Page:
But after his death, Lalitha had to weigh all options. She was not ready to depend upon her children in her old age. Lalitha’s youngest son came with a proposal: why not buy a car and run it as taxi? She thought it long, hard and deep.
Lalitha was briefed in detail about the prospects of becoming a taxi car owner. She nodded her head, turning down the voice of her husband thinly echoing inside. She withdrew the money from her bank — the one mistake she still rues. The vehicle was bought, but the owner could hardly see it outside the workshop. “At last he told me it was sold,” she says. By the time, Lalitha’s other children were incensed at their mother for giving all her share to the youngest son for this gamble, without discussing with them.
She was left alone without a shelter. “My daughters… now when they see me somewhere, they turn away from me.” Tears well up in her eyes. More tragedies were awaiting the old woman. Her youngest daughter committed suicide at her husband’s house. Lalitha was devastated. The tragedy triggered off a set of physiological changes in Lalitha — she found her skin changing tone in patches; an extreme case of vitiligo.
She rushed to a doctor. Lalitha had only one fear — whether her condition would affect other people. By that time she was the milkmaid for many households in Jawahar Nagar. “I wanted to know whether the milk I bring would harm the children who drink it,” she says, dabbing her wet cheeks with her already soaked neriyathu. The doctor smiled, and put his arms around the old woman. Lalitha was relieved, but in that relief she still doesn’t know why she broke down into tears. She imagined herself stranded in a street, surrounded by strange faces sympathising at her.
Come to Jawahar Nagar. You will see the haggard, frail figure moving towards houses with packets of milk, like an elf, in misty mornings.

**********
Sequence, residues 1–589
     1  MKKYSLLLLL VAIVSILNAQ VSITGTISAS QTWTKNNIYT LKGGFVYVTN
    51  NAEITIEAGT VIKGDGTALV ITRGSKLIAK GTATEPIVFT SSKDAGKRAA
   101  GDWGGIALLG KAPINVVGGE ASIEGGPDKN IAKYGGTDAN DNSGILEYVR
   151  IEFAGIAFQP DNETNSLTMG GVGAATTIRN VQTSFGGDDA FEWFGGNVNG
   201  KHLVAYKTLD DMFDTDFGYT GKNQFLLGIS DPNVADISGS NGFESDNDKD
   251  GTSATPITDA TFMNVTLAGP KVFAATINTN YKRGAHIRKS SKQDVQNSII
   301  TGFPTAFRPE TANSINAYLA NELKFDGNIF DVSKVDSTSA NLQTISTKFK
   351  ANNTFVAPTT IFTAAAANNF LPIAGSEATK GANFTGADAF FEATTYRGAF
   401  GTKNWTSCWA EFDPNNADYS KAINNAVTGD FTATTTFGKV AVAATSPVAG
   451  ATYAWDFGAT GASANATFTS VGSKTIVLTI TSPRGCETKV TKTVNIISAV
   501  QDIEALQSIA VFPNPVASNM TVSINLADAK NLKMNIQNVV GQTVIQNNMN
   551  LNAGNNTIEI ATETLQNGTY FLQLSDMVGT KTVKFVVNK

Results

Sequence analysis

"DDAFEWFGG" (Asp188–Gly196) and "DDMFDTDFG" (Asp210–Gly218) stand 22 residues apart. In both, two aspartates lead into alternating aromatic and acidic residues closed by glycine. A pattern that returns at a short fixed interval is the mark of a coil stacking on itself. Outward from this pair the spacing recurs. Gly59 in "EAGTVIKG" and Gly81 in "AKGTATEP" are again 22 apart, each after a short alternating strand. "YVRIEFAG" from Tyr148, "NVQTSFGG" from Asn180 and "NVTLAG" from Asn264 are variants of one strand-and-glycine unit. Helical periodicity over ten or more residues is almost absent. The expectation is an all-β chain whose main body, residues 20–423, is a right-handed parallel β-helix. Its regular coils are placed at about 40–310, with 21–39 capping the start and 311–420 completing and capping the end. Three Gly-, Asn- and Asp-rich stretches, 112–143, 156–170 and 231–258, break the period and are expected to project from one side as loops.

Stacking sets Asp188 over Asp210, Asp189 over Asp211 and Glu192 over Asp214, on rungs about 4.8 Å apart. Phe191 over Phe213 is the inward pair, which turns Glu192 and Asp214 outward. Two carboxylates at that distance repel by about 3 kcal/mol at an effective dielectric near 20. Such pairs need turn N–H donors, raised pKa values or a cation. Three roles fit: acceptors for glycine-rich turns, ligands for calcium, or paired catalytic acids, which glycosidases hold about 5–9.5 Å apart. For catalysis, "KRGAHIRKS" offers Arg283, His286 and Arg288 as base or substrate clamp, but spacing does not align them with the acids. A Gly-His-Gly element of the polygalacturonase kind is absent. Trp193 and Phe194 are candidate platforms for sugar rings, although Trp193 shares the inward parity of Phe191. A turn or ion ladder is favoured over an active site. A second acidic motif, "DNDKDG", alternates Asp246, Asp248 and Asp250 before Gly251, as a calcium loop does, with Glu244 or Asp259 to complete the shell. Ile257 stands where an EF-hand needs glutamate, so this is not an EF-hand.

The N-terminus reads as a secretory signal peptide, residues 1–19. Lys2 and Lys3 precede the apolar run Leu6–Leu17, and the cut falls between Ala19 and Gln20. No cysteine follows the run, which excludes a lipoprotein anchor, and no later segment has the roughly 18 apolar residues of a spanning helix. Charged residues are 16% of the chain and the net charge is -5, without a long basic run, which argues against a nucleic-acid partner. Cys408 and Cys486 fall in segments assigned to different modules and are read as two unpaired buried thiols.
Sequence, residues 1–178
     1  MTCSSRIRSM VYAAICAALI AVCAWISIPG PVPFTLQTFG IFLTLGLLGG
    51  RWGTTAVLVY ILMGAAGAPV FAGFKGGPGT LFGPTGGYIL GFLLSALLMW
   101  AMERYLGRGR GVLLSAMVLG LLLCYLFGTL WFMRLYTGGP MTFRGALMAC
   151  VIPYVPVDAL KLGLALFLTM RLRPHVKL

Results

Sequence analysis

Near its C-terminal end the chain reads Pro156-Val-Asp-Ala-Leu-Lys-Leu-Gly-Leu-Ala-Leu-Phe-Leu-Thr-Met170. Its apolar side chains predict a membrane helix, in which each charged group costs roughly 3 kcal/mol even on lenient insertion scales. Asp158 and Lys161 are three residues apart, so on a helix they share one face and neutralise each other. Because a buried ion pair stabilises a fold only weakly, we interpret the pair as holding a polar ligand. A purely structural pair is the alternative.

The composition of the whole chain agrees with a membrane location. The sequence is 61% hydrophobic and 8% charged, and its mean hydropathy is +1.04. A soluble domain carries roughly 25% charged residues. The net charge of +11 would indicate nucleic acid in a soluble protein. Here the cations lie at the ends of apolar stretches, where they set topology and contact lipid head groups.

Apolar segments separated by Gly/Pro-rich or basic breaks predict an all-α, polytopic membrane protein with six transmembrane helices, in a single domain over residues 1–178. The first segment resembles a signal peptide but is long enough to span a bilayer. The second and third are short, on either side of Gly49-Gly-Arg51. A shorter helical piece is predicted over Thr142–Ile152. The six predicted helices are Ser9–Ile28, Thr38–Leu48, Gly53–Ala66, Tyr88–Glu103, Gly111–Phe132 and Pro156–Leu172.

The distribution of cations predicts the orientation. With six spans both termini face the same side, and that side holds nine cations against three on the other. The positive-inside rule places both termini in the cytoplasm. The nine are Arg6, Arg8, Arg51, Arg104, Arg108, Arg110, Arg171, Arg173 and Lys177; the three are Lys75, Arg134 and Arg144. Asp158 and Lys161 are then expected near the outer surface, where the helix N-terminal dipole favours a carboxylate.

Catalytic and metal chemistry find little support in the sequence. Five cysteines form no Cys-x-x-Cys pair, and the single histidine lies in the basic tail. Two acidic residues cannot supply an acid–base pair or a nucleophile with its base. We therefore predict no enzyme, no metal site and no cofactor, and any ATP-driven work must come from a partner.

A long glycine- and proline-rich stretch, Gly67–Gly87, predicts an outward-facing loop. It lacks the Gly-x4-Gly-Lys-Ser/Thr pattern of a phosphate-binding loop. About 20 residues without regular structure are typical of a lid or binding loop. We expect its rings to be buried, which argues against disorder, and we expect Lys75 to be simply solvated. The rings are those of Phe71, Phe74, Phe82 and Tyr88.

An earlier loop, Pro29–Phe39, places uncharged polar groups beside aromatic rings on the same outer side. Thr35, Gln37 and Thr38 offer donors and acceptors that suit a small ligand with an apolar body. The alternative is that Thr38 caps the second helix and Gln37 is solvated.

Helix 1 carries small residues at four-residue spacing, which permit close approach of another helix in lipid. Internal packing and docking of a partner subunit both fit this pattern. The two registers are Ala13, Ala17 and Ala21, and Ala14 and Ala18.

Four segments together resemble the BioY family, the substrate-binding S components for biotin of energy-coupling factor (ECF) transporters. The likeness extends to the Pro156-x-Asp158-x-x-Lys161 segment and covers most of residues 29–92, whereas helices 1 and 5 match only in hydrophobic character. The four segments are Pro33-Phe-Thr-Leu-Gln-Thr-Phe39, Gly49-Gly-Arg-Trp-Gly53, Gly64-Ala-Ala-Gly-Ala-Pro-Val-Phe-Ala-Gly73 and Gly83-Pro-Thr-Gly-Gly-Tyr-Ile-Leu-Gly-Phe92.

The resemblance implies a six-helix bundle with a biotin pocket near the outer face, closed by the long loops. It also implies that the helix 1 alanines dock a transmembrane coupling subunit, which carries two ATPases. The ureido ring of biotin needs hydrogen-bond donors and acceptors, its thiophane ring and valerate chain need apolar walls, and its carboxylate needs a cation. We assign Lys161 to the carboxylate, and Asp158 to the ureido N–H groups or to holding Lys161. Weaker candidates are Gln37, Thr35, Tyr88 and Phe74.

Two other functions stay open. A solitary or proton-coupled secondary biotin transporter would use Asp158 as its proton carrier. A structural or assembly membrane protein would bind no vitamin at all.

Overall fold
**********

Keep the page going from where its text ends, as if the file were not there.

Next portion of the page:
At eight in the morning Lalitha reaches the tea shack without fail and spends the rest of the day watching, listening and smiling. Not that she has nowhere to go. Occasionally she packs a few sweets and goes to her sons’ houses. Her old spindly fingers still itch to fondle her prattling grandchildren; and she desperately wants to regale them with tales only a grandmother can tell. “But my kunjungal (grandchildren)… they don’t come running to me,” says Lalitha, with a smile soaked in tears.
Lalitha doesn’t spend much time with any of her sons. “When I hear the husband and wife quarrelling inside, I understand,” she says. Lalitha gets up and walks towards the next son’s home. By evening, the old woman would reach where she had started, the room she was allowed to sleep by the kind people who are not her children.
She still calls her children “ente kunjungal”, even though they have considerably grown up leaving her small nest. Lalitha doesn’t like anyone thinking ill of them. “Last month, when I fainted, my eldest son came and took me to the hospital.” She bubbles like a child who believes to own the moon, but her face soon crumbles. “But, to stay at there houses… no… I don’t want them to quarrel because of me.”
Lalitha gets a family pension of Rs. 2,000. She earns a monthly income of Rs. 50 each from the four houses where she brings milk. “Isn’t that enough to sustain an old woman like me?” she asks. A cup of tea will do for Lalitha in the morning. Noon, she throws in a couple of pappadams to the tea and calls it lunch. When darkness falls she washes down a handful of mixture with yet another cup of tea. That goes for supper. “I’ll never eat from a house anymore,” she says.
When Onam comes and all her kunjungal rejoice in different parts of the city, dipping their hands into yummy adapradhaman and plantain fruits, this amma joins them from here, soaking another pappadam in hot tea — Lalitha’s Onasadya. “I am not sad,” she smiles. Her toothless gums glisten in the gloomy light of the day.
“I only have to close my eyes to go back to my lost home, where I can see myself feeding my children with whatever I had.”
You can’t impoverish a woman who thinks herself rich and content.